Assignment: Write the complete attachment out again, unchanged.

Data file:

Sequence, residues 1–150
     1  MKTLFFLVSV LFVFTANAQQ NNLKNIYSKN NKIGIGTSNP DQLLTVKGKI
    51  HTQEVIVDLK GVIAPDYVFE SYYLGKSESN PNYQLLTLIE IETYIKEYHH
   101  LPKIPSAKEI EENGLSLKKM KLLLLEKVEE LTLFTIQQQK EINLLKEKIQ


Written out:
Sequence, residues 1–150
     1  MKTLFFLVSV LFVFTANAQQ NNLKNIYSKN NKIGIGTSNP DQLLTVKGKI
    51  HTQEVIVDLK GVIAPDYVFE SYYLGKSESN PNYQLLTLIE IETYIKEYHH
   101  LPKIPSAKEI EENGLSLKKM KLLLLEKVEE LTLFTIQQQK EINLLKEKIQ